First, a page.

James Irvin. Photo property of the Ultimate Fighting Championship.
The Nevada State Athletic Commission announced today that James Irvin has tested positive for banned painkillers following his devastating knockout loss to reigning UFC middleweight champion Anderson Silva at the UFC’s recent July 19th event in Las Vegas.
Irvin reportedly had two different kind of drugs in his system - Oxymorphone, a powerful opiate which is primarily used to alleviate severe pain and Methadone, which is alternatively used to treat recovering drug addicts. Irvin has been temporarily suspended by the commission pending a disciplinary hearing in the coming weeks. An official length of the suspension and fine is expected to be handed out following the meeting.
The loss to Silva snapped a two-fight winning streak for Irvin, who had quickly shot up the ranks of the UFC’s light heavyweight division following a quick stoppage of upstart Houston Alexander at UFC Fight Night 13 in April. Irvin took the bout against Silva on short notice despite recovering from a broken foot that forced him to withdraw from a scheduled bout against Rashad Evans in May. The injury could possibly answer the question as to why the drugs were in his system.
Meanwhile, the California State Athletic Commission also announced today that Justin Levens has tested positive for Oxymorphone as well following his planned participation at Affliction Entertainment’s “Banned event” on July 19th in Anaheim. He has been suspended for six months and fined $1,000.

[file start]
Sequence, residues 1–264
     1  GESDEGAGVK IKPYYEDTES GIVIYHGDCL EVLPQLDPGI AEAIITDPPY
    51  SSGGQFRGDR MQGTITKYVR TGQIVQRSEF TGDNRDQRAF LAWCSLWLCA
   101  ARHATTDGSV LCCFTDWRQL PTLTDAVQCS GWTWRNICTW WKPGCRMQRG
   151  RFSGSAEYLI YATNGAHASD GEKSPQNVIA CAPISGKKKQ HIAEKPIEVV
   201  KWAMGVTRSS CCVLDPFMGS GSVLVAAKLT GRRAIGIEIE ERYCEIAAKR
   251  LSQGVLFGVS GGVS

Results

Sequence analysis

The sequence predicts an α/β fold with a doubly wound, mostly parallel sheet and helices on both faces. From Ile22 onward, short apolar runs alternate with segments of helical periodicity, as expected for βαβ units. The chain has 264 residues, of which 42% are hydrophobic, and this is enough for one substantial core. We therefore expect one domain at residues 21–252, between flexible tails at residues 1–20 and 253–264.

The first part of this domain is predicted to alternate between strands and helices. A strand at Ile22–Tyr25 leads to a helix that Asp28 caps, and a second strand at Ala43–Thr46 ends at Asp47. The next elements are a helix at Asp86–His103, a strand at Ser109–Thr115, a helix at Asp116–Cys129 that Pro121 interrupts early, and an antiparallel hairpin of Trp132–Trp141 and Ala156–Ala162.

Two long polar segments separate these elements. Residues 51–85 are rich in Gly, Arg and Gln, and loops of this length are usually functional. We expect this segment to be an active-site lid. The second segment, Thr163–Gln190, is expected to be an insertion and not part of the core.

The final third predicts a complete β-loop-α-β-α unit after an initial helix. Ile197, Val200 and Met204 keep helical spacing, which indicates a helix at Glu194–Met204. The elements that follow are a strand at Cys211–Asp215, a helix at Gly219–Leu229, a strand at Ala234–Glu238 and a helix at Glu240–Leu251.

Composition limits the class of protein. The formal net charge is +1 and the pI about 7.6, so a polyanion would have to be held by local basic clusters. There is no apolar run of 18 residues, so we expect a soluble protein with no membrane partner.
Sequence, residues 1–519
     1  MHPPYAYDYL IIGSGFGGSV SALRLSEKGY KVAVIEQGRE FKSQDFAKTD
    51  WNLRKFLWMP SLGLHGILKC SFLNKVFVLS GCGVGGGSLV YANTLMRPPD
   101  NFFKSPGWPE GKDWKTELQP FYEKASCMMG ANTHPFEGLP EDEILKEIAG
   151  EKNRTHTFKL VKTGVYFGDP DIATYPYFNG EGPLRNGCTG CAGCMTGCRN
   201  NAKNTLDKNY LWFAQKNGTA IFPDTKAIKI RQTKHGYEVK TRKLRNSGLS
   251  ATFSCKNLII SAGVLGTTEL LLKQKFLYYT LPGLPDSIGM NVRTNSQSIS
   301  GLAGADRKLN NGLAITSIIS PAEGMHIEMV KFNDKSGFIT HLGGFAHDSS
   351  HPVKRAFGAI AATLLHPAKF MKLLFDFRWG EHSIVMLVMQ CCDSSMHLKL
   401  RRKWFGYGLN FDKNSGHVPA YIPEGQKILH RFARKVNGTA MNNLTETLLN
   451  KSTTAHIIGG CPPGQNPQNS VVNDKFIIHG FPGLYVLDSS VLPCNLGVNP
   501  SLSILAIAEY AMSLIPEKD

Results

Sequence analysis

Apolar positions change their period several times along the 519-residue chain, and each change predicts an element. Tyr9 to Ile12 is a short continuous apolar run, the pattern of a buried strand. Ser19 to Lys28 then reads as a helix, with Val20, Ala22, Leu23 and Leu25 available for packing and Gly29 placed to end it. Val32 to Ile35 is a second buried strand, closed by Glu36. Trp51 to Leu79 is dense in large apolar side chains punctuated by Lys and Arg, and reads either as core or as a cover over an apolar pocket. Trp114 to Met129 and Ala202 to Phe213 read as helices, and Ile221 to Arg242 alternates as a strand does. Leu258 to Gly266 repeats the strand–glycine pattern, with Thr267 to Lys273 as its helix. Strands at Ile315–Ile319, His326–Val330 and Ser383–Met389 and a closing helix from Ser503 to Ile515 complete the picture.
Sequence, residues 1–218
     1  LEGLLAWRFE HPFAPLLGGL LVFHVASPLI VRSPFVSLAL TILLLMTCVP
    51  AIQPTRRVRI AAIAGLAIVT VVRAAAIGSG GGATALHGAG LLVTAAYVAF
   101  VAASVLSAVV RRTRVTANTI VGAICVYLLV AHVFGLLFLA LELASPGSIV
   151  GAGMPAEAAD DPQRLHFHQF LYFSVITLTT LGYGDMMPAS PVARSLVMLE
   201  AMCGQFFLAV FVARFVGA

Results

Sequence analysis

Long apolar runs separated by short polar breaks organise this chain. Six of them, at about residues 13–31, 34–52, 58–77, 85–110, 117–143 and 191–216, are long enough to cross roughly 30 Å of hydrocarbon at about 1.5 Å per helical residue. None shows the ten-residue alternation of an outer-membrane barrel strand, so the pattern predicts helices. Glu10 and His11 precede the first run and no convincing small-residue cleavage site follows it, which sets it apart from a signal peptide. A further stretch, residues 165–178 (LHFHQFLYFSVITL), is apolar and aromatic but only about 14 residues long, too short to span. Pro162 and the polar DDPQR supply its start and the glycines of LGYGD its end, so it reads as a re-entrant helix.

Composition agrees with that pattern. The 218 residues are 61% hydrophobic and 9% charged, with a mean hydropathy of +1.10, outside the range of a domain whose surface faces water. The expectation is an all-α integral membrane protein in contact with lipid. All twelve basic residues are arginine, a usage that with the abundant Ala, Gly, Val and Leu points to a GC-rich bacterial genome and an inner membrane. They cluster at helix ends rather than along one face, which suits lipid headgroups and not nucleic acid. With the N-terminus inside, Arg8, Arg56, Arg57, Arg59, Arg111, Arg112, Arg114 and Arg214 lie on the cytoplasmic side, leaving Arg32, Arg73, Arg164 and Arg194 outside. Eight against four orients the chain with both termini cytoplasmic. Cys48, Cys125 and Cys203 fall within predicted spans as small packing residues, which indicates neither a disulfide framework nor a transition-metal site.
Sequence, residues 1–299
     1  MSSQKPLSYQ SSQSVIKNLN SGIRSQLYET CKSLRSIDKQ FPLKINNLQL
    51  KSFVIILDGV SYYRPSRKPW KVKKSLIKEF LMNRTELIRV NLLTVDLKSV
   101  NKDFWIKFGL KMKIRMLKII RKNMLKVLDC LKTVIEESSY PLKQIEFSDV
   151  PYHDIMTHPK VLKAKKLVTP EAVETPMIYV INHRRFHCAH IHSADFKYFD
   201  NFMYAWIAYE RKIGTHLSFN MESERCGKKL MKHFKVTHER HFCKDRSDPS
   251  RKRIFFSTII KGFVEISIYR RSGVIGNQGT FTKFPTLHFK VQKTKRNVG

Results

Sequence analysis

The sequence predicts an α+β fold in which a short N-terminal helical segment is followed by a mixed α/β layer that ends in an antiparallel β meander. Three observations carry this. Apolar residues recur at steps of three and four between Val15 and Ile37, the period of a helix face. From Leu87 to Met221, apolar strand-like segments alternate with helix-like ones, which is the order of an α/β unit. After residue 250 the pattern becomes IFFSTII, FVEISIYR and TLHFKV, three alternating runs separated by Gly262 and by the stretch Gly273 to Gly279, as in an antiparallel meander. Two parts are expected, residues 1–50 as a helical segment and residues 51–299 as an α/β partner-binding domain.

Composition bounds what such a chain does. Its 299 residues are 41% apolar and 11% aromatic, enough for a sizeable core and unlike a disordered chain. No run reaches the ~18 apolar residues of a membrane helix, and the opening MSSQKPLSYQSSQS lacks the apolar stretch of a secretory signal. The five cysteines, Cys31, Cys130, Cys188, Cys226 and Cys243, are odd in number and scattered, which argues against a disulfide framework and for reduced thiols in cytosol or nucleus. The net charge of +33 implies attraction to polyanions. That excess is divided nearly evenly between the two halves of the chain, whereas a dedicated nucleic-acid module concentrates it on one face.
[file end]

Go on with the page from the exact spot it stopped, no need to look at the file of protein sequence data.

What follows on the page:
Randy Couture. Photo property of the Ultimate Fighting Championship.
Couture Expecting Contractual Ruling This Week
Embattled UFC heavyweight champion Randy Couture reportedly expects a Texas state court to rule this week on his contractual standing with the organization, potentially setting up an anticipated showdown between himself and heavyweight king Fedor Emelianenko according to Alex Marvez of FOXSports.com.
Even though a ruling may be made, Couture believes that his status won’t be completely finalized due to possible appeals from the losing party. However Couture remains confident that he will indeed face Emelianenko sometime before his impending retirement in the near future.
“When, where and with what promotion — we don’t know,” Couture said in the report. “It could happen in the UFC. We just don’t know. I want it to happen. Fedor wants it to happen. In some way, shape or form, we’re going to make it happen.”